By now, you’ve probably heard about DC’s rather public PR nightmares from last week. One involved Harley Quinn and a dubious-at-best decision by DC editorial regarding soliciting artwork for an upcoming book. The other revolved around marriage in the DC Universe; specifically it centered on Batwoman and her longtime girlfriend (and recent fiancée), Maggie Sawyer. Though it’s been talked about on several other sites already, I’d like to offer my thoughts on why the second issue is such a big deal – and why DC’s handling of it is being viewed in such negative light.
The frenzy over Batwoman began late last Wednesday, 4 September, when co-authors JH Williams III and W. Haden Blackman announced that they’d be leaving the book after issue #26, the planned end of the arc they’re currently writing (though, thanks to another decision by DC, they’ll be replaced after issue #24). You can read the entire post at Williams’ blog, but the core of their reasoning for leaving the book is as follows:
“Unfortunately, in recent months, DC has asked us to alter or completely discard many long-standing storylines in ways that we feel compromise the character and the series. We were told to ditch plans for Killer Croc’s origins; forced to drastically alter the original ending of our current arc, which would have defined Batwoman’s heroic future in bold new ways; and, most crushingly, prohibited from ever showing Kate and Maggie actually getting married. All of these editorial decisions came at the last minute, and always after a year or more of planning and plotting on our end.”
Somewhat predictably, the Internet latched onto the fact that Kate and Maggie, who got engaged in February’s Batwoman 17, would never be allowed to marry. Williams was quick to clarify that DC’s ban was on the “marriage” part, rather than the characters involved:
In order to understand why this is such a big deal, we have to look both at the character herself and the greater cultural context of what, exactly, DC is saying with their ban. For those of you unfamiliar with the character, let’s get a brief intro to Kate Kane:
Kate’s history is a little murky at this point, mainly because it’s not totally clear how much of her pre-reboot history stands and what has been thrown out. (Her character was introduced in 2006, so when the reboot happened, there wasn’t all that much to reboot.) What we know at this point is that she was thrown out of the military under the “Don’t Ask, Don’t Tell” policy; that she has been linked romantically to GCPD detective Renee Montoya and current fiancée, GCPD detective Maggie Sawyer; that she has tenuous relationships with her family members (it’s hinted that this is due to pre-reboot events); that she operates in Gotham as Batwoman, in an interesting position as both part of the Bat-family and someone who operates outside of Bruce’s controlm unlike its other members.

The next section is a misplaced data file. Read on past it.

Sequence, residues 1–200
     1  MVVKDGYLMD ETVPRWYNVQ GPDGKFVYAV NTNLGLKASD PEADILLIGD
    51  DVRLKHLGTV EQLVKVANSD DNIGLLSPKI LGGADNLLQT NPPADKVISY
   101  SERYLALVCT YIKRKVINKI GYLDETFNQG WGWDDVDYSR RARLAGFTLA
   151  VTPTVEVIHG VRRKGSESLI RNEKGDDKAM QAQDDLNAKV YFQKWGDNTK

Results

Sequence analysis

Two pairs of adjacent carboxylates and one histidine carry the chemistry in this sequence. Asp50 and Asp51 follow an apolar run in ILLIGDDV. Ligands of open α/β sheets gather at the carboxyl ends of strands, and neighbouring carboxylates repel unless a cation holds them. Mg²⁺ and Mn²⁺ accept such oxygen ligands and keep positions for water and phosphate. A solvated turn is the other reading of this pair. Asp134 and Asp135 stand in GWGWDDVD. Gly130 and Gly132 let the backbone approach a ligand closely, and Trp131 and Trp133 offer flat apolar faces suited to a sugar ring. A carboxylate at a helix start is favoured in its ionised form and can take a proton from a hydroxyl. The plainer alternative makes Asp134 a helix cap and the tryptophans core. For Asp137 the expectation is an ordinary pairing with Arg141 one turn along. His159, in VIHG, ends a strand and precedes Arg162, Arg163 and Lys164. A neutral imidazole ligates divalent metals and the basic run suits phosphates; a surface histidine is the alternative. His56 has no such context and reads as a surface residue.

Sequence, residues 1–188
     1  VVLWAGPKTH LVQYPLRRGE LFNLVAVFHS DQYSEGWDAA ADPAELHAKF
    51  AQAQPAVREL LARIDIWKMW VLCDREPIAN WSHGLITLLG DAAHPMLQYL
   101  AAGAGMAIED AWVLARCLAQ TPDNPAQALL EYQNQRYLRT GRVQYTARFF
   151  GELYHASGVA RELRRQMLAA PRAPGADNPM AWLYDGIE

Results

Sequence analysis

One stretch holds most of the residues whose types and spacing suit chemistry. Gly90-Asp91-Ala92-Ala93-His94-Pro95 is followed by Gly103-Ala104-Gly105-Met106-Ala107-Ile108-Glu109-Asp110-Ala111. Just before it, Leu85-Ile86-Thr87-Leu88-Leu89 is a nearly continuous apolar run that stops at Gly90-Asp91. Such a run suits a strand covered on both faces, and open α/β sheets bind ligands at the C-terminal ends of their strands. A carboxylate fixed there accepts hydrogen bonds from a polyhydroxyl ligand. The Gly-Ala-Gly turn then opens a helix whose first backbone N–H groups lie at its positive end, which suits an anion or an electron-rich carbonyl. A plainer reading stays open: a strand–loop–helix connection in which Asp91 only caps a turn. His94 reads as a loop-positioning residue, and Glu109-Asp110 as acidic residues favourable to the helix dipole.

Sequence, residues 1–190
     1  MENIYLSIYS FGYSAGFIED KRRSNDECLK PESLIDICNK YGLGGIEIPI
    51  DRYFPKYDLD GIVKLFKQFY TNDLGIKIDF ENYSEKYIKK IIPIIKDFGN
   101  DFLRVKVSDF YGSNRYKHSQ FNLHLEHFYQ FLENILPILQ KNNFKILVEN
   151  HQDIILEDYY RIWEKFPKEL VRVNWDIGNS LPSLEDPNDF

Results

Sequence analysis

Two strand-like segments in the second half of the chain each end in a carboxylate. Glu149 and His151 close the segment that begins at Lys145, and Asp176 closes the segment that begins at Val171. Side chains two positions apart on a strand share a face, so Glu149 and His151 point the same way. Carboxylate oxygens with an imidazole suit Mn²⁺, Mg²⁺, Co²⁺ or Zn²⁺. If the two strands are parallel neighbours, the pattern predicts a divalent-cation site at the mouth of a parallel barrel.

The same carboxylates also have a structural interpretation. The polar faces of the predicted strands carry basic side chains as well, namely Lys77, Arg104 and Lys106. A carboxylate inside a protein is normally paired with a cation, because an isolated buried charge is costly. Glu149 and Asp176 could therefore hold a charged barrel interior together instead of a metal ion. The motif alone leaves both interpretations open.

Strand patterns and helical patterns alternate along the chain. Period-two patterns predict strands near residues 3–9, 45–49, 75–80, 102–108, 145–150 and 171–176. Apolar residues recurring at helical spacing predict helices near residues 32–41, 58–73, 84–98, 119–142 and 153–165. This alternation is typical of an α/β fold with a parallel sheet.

The Kane family is Gotham royalty, just as the Waynes are; in fact, Bruce’s mother Martha was a Kane before marrying Thomas Wayne, therefore making Bruce and Kate first cousins, though this isn’t a point that’s brought into the open all that often in canon (and may no longer be true since the reboot, but I have no evidence either way on that one). Kate, in her public role as heiress to the Kane fortune, is out of the closet and not timid about it in the least. Her life has, to a certain extent, been shaped by her sexual orientation; she was outed as gay, and was discharged from the military as a result, which understandably changed her plans for her own future. The writers have never shied away from Kate’s sexual orientation, and Kate has become the only leading LGBTQ* character in current comics. There are a small but growing number of other such characters, but Kate is the only one who is the star of her own eponymous book.